3.2.2 Occupational names with Central French assimilated borrowings as the derivational bases
araser 1414 (arraser 'a maker of, or dealer in, tapestry' MED, arris 'a kind of figured tapestry [orig. made at Arras in Artois]', nop. arris- man 'one who makes or sells tapestry' 1471 MED); Burelman 1311, Burrelman 1318 (burel-man 'a maker or seller of burel' MED, burel [OF burel] 'a kind of coarse wolen cloth; also, a piece or a garment of burel' 1267-8; nop. bureler [OF burelier; cp. ME burel 'cloth' & burle 'tuft'] 'a maker or seller of burel'; 'one who dresses cloth by removing buries, i.e. knots and flaws' 1475 MED); Cheverelmongere 1310 (cheverel(le~monger 'a kidskin dealer' MED, cheverel(le [OF chevrele 'a kid'] 'kid leather; made of kid leather' 1388 MED; cf. Chevereller 1291-2); Floureman 1308, Flourman 1338, 1376 (flour-man 'miller or flour merchant' MED); Flurmongester 1281 (flour-mongester 'a woman who sells flowers MED, flour [OF flour, flor, flur] 'the blossom of a plant, flower; also, a flowering plant' 1200 MED; flour (floure) 1250 NED); Furmonger 1490 (1508) (fur, v. [OF forrer] 'to line; trim, or cover (a garment) with fur' 13.. NED; 'to clothe or adorn (a person) with fur' 1370 NED; 'to coat or cover with fur or morbid matter' 1593 NED; fur, sb. [from v.] 'a trimming or lining for a garment, made of the dressed coat of certain animals' 1366 NED; 'the short, fine, soft hair of certain animals. Formerly also, the wool of sheep' 1430 NED; 'skins of animals with the fur on them' 1555 NED; comb.: fur trade 1837 NED),--trader 1848 NED); Goriurer 1219, Gorgerer [vr. Gorgurer] 1219, 1220, Gorgeur 1221, Goriurer 1230, gorgerer 1293 (gorgerer [from gorger] 'an armorer who makes or sells gorgets' MED, gorglr [OF gorgiere] '(a) piece of armor covering the front of the neck, a gorget' 1312 MED); Gravayler 1393 (graveler [from gravel] '?a dealer in gravel or sand, ?a workman who spreads gravel' MED, gravel [OF gravel(e] 'sand' 1225 MED); Graysman 1297, Gresman 1319 ('a seller of grease' Reaney; grease (gres, greis, greys) [OF graisse, greisse, gresse mod.F. graisse] 'l.the fat part of the body of an animal; also, corpulence, fatness' 1340 NED; '2. the melted or rendered fat of animals, esp. when it is a soft state' 1290 NED); gresmangor 1379; Greyneman 1301 (in surnames--MED; grain n. [OF grain, grein] 'a crop of cereal plants' 1390 MED; 'a species of cereal plant or crop; ?also, peas' 1399 MED; 'seed of plants or flowers' 1325 MED, 'the fruit of a non-cereal plant; a berry, legume, nut, date, etc.;' 1395 MED; 'spice' 1313 MED); Hurer 1267, 1278, 1332, Hurrer 1281, 1289, hurer 1375, 1411, 1421, 1430, 1447, 1484 (hurer [from hure n.] 'one who makes or sells caps' MED, hure [OF] 'a covering for the head, a cap' 1300 MED); lingedraper 1460 (linge-draper 'a maker or seller of linen [only as surname]' MED, linge [OF] 'linen' MED); Lusmanger 1293 (luce~mongere 'seller of pike' MED, luce [OF luce, lus] 'the pike (Esox lucius)'1323 MED); Mirurer 1218-22, Mirorer 1275, mirourer 1309, Mirorer 1320, Mirourer 1337, Mirourer 1354 (mirourer [from mirour n.] 'one who makes or deals in mirrors' MED, mirour [OF mireor, mireour, miror, merur] 'a mirror made of metal, glass, etc.' 1250 MED); Mustardman 1275, 1327, 1329 (in surnames MED, 'a dealer in mustard'Reaney, mustard [OF mostarde, mustarde] 'mustard seed; also, prepared mustard, the finely ground seed of the mustard plant mixed with vinegar, water, or honey to form a paste' 1289 MED); Oylere 1248, 1286, 1332 oyler 1278, Oyller 1281, Oyellere 1281 (oilere [from oil(e n.] 'a maker or seller of oil' MED, oiler [from oil, sb. or v. + -er; cf. F huilier 'oil-manufacturer, oil-merchant'] 'a manufacturer of, or dealer in, oil; an oil-man' 1552 NED; 'one who oils or lubricates with oil' 1846 NED; oil, sb. [ME oli, olie, oyle, oile] a. ONF olie, OF 12th c. oile, oille, 13th c. oele, uille, 15th c. oyle, huille, 16th c. huile] 1175 NED; oil v. 'to apply oil to; to anoist' 1440 NED; nop. oil(e~man 'one who makes or sells oil' 1440 MED).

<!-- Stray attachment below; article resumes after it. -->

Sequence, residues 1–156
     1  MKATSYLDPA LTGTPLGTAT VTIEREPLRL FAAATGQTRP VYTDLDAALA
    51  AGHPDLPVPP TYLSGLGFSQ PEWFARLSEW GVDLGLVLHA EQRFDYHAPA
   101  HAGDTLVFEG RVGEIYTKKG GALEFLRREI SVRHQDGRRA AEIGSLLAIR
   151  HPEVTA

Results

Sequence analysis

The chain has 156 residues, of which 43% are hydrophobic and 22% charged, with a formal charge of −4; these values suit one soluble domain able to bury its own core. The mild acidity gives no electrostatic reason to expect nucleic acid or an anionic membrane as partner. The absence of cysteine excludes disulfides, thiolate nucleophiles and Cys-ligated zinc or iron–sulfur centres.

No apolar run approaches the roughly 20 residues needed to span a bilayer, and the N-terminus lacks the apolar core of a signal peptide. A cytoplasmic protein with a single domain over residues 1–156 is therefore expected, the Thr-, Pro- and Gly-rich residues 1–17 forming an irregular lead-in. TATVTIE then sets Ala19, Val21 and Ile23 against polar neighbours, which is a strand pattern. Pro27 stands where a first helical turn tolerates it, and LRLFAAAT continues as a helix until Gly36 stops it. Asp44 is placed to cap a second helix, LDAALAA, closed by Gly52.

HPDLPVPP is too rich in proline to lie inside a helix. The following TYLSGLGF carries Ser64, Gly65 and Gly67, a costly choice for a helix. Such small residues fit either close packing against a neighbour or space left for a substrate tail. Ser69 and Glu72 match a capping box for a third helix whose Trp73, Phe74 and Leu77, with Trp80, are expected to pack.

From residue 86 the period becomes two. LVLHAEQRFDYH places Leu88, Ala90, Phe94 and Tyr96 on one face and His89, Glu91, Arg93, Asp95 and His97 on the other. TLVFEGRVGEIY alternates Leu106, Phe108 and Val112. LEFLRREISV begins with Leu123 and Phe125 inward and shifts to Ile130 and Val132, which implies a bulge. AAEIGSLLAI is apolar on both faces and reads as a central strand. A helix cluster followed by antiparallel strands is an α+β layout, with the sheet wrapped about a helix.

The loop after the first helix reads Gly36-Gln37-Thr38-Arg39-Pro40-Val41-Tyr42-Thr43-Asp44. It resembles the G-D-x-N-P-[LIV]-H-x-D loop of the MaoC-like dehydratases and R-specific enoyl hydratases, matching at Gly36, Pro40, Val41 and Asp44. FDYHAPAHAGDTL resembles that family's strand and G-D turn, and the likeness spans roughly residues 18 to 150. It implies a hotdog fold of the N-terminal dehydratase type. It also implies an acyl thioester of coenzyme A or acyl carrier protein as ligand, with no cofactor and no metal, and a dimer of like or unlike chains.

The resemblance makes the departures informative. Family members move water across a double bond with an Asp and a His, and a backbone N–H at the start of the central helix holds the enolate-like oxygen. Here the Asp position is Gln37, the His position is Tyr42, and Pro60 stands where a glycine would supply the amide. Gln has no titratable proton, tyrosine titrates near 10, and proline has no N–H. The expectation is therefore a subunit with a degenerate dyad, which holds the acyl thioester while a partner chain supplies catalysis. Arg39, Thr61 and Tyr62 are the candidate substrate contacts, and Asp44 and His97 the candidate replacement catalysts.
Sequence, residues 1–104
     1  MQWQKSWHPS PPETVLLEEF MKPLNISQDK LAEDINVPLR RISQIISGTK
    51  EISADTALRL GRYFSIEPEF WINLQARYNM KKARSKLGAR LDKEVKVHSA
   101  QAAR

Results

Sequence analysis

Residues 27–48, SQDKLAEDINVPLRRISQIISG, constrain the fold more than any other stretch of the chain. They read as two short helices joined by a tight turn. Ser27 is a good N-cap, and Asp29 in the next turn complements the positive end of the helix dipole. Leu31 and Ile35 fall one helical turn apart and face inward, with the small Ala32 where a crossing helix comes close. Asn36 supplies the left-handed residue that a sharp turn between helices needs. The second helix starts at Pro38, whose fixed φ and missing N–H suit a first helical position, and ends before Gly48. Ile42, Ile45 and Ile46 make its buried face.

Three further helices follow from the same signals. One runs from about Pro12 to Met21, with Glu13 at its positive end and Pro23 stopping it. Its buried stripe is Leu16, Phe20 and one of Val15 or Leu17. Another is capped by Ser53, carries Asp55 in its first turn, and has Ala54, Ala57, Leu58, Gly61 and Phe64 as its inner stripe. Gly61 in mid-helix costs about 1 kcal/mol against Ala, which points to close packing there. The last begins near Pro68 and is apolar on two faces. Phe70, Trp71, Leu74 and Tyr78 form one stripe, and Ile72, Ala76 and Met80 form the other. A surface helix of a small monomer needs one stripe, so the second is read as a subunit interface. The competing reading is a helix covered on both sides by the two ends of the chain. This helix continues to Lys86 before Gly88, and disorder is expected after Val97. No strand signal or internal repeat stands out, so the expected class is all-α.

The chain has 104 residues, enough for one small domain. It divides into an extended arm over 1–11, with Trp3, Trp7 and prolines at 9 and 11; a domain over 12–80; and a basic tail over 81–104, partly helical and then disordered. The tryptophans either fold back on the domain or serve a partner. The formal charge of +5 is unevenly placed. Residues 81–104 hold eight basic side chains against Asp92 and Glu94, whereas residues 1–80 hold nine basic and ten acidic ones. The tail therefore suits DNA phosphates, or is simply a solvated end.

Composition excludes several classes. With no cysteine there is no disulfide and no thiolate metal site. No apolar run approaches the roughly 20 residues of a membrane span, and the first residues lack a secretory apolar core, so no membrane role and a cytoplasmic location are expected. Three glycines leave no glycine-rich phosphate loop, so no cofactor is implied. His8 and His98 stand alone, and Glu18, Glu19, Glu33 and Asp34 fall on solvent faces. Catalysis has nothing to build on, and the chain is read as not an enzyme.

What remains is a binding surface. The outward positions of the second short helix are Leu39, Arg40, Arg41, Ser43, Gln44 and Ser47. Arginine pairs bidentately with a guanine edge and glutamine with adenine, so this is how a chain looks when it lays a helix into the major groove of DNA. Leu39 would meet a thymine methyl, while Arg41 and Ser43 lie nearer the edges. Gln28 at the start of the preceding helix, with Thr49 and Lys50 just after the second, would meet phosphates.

3.2.3 Occupational names with Norman assimilated borrowings as the derivational bases WasteImonger 1317 (wastel [AF wastel, var. of OF gastei] 'a variety of white wheaten bread or cake of superior quality, generally considered second only to simenel in fineness' 1283 MED; 'an individual loaf or cake of this variety' 1300 MED; 'a ceremonial loaf or cake offered as a sacrifice' 1425 MED; 'maker or seller of wastels' Reaney; wastel [OF wastel, north-eastern var. of guastel, gastei (mod. F gateau)]'bread made of the finest flour; a cake or loaf of this bread' 1194 NED).
3.2.4 Occupational names with the borrowings of double (Latin and French origin) as the derivational bases